But it was a sell-out....OK, a give out....as all the copies were gone in a month. Incredibly, after the misspelling-of-occaisonally-call, many other friends called to tell me they loved it and wanted to know where they could buy a copy. If they noticed my spelling or grammatical errors, they didn't mention it. A few months later, my daughter said, "My friends love to read your cookbook when they come to my house!" Hey, it's not a tear, or clutching the book with unbridled enthusiasm, but I'll take it. Occaissionally.

That's me - striving for perfection and always missing by a mile. Sometimes I get it right, although never absolutely perfect. So with the occasionally comment in mind and to help with word placement, spelling, grammer (right-it's grammar - but it looks better with an "e" in it than an "a"), I hired a writing coach to help me edit and sharpen my writing skills. And you're wondering how it is for some poor soul to work with me?

Maybe it's not frustration coming through when she writes: "Did you read my edits?!?" (Yes, but I didn't agree with all of them.) And how was I supposed to know that isle starts with an "a" and it's tow-headed rather than toe-headed? I've addressed more than one email to the "Comma Queen" rather than her given name because the girl has never met a sentence where she wouldn't add another comma. I still don't get it (do I put one here or not...yep I do), but I'm working on it. And she always advises, "More details!" when I'm spare with words and "too wordy" when I'm not. And hypens-who knew there was a right and wrong way to use them (hint: used incorrectly in this sentence). And she's said this to me no fewer than a 50 times, "Tom! Take yourself out of this story!" Occaisonally I can't do that - like now. But notice the comma placement. Perfecto. I think. No - she hasn't read or edited this post which explains alot, doesn't it? A whole lot. But as I study her edits - and honestly - they're always 100% on-target and sharpen up what I've written - and then re-read my piece with her corrections, I'm amazed at the improvement. And I wonder: How she can be so damn smart and so strong in her creative writing skills? Then I remember she has a MFA in Creative Writing and her work has been published, many times. If we were to compete on who could do a better in-depth insurance policy comparison, I could whoop her creative-writing ass. So maybe insurance skills aren't the greatest when it comes to creative writing, but it's what I've got.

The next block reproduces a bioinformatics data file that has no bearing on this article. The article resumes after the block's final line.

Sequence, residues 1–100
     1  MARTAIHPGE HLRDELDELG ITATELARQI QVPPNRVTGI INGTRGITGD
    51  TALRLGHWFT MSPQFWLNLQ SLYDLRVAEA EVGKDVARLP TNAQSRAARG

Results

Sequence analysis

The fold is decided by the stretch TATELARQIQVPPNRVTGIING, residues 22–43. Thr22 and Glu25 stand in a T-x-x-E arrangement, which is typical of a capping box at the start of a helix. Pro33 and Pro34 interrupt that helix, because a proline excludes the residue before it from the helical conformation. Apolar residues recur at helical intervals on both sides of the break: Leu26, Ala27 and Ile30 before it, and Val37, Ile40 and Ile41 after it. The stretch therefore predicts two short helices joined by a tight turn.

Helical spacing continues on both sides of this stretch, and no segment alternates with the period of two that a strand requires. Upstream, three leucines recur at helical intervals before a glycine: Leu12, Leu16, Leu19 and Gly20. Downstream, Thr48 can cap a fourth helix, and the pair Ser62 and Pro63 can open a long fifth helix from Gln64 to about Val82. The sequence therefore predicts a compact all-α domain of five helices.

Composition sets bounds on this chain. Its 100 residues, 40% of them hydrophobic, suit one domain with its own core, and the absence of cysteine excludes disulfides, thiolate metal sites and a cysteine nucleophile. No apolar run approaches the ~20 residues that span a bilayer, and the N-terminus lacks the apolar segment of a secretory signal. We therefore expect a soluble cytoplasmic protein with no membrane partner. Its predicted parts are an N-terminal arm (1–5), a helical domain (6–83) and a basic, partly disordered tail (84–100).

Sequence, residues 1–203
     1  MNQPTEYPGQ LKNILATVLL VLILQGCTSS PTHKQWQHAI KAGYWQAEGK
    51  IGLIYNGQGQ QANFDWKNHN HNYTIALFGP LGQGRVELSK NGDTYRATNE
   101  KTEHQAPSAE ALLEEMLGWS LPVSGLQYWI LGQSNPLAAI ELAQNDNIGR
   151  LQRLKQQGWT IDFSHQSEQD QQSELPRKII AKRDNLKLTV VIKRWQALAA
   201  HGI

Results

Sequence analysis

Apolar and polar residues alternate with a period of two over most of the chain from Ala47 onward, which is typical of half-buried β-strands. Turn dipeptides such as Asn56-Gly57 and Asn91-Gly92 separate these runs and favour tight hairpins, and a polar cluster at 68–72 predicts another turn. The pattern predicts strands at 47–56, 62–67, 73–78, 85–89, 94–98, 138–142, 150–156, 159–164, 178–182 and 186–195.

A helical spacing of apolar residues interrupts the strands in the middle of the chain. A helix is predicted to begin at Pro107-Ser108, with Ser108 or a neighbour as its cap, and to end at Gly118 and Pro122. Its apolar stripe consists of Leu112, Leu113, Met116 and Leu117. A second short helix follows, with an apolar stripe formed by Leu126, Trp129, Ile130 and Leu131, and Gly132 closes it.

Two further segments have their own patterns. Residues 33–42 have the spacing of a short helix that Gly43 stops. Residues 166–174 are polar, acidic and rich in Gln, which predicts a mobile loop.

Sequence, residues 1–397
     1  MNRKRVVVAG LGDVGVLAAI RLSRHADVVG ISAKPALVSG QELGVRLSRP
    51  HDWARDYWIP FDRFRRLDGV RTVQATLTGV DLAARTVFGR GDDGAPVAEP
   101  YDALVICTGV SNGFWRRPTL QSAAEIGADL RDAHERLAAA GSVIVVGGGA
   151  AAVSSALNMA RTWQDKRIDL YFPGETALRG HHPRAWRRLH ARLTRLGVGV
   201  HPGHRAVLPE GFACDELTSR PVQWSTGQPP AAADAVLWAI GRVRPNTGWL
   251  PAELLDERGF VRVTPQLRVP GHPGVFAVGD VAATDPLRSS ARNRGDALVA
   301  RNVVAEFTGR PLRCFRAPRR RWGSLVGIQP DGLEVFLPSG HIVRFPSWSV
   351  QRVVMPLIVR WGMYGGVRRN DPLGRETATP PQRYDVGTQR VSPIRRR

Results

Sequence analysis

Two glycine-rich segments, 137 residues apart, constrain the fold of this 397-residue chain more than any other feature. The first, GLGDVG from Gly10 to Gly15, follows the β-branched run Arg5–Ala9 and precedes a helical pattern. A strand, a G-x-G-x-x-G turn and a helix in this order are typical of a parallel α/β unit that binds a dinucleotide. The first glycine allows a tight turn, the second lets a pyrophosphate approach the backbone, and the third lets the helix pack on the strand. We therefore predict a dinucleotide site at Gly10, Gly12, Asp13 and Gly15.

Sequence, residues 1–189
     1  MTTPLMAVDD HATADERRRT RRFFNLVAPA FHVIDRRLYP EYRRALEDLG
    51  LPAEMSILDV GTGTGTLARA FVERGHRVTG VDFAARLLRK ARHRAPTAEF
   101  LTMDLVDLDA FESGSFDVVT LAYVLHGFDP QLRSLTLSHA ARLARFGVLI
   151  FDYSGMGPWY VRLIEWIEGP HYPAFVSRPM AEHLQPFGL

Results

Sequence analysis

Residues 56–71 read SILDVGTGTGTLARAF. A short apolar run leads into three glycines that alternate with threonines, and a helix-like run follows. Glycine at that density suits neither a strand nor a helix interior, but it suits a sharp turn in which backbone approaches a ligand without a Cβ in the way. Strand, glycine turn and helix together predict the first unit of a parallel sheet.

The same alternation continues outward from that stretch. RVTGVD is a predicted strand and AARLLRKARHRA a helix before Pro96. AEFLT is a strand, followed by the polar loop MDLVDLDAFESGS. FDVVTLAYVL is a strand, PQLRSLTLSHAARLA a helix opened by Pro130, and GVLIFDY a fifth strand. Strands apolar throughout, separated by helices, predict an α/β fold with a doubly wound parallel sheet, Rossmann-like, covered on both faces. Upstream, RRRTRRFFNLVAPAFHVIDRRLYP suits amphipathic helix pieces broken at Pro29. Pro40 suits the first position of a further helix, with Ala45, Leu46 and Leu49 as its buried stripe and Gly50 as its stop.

Many years (hopefully, many, many, many years) from now, if you are at my funeral, maybe you'll see my children walking down the isle of the Church with a tattered, very imperfect family cookbook clasped closely to their hearts and tears in their eyes And from above, I will say to myself, "Yes! Finally! And then I'll think - great job with these kids - I got it right with them if nothing else. Two pretty darn great people all from imperfect, spelling-impaired, ADD, dyslexic, impatient me."

And the cookbook ain't half bad either.